Keats Sonnets Quiz. Essay Samples Prompt: The speaker of “When I Have Fears” sometimes feels that love and fame are “nothingness.” Based on both sonnets, what values did Keats consider most important in life? Answer this question, supporting your points with evidence from the poems. Sample 1
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Prompt: The speaker of “When I Have Fears” sometimes feels that love and fame are “nothingness.” Based on both sonnets, what values did Keats consider most important in life? Answer this question, supporting your points with evidence from the poems.
Keats displays his values vividly in his sonnets. It is clear that he has a strong appreciation for knowledge, adventure, and love. Knowledge is something Keats believes he posses while adventure and love are experiences that he feels he will miss out on after death. “On First Looking into Chapman’s Homer” and “When I Have Fears” allow the reader to see his passion for these values.
The love of knowledge is most evident in the sonnet “On First Looking into Chapman’s
Homer.” The entire poem discusses the enlightenment that arrives with his reading. Keats relates himself to an adventurer, Cortez, and a “watcher of the skies” to express the depth of his amazement. This passion is seen also in “When I Have Fears” because he speaks of “High-piled books.” He speaks of his writing and his brain that is overflowing with words.
Adventure is a value seen in both sonnets as well. It is noticeable when he relates knowledge to Cortez’s journeys. More noticeably though it is mentioned in “When I Have Fears.” Keats worries
about never living a life of “high romance.” He is referencing his lack of time for grand quests.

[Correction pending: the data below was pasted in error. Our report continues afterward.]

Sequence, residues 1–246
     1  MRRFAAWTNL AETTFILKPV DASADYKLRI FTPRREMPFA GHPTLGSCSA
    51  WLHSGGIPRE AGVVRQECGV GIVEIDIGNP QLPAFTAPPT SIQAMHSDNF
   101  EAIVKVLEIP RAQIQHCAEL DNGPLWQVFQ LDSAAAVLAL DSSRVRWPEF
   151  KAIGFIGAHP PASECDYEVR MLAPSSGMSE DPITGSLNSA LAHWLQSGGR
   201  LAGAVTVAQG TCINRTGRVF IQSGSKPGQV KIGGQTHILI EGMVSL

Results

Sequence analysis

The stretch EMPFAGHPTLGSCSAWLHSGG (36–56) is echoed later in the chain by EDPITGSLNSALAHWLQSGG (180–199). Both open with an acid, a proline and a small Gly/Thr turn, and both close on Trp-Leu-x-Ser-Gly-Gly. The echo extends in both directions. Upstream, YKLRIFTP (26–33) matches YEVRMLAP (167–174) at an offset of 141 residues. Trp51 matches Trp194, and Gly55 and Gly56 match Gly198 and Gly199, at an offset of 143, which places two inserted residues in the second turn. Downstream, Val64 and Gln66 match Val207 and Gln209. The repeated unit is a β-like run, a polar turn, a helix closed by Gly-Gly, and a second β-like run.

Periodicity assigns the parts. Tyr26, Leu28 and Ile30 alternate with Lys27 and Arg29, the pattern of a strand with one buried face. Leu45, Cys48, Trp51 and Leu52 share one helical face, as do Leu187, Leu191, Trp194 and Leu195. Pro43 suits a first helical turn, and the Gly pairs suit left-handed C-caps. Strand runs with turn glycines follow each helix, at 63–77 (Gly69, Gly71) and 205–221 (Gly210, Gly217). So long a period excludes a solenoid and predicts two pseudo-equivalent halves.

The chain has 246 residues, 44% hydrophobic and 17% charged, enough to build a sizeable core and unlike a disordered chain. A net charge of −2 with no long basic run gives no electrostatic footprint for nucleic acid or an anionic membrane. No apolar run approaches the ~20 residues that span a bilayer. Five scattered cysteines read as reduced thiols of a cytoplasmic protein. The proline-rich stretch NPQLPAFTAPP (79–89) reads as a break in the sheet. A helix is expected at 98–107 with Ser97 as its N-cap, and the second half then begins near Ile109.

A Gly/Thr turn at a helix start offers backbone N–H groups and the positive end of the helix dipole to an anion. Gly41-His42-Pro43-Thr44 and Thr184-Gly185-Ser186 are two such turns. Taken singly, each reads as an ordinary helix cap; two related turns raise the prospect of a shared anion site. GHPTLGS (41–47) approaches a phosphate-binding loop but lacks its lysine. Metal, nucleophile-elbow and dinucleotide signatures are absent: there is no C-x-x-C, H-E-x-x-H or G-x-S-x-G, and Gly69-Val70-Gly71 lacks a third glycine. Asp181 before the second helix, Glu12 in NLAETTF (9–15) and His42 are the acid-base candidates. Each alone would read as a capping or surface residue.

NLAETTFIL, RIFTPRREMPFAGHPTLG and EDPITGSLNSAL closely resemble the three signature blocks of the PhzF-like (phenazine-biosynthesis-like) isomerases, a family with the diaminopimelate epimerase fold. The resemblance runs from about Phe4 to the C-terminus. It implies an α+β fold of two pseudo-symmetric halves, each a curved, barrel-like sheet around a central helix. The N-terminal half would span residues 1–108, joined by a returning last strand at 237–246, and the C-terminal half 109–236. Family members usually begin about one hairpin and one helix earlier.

Love is clearly valued by the poet. In “When I Have Fears” he pines for the woman who he describes as a “fair creature.” His concern is not only that he will not see her anymore, but also that he will never feel the power of love. By mentioning fame, Keats even reveals a desire to be publicly adored.
Even though Keats tries to reason love and fame into “nothingness,” he still places them very high among his values. For one thing, how can he successfully think them into “nothingness,” at least for very long? Evidence for this is my own knowledge of life and my personal desires, plus the fact that “When I Have Fears” is full of references to Keats’s desire for poetic fame. Additionally, he chooses to mention those two
values– love and fame – precisely because they are the ones he finds hardest to think away. In fact the images of the “teeming” brain and the granary high-piled with metaphorical works of literature show that he has not succeeded in putting those thoughts away for even the time needed to write the sonnet. Supporting this view are the images in “On First Looking into Chapman’s Homer,” where it is clear that poetic beauty is his highest value. So love of poetry and of a beloved, plus the fame that comes with the highest achievement of poetic beauty, are his supreme values.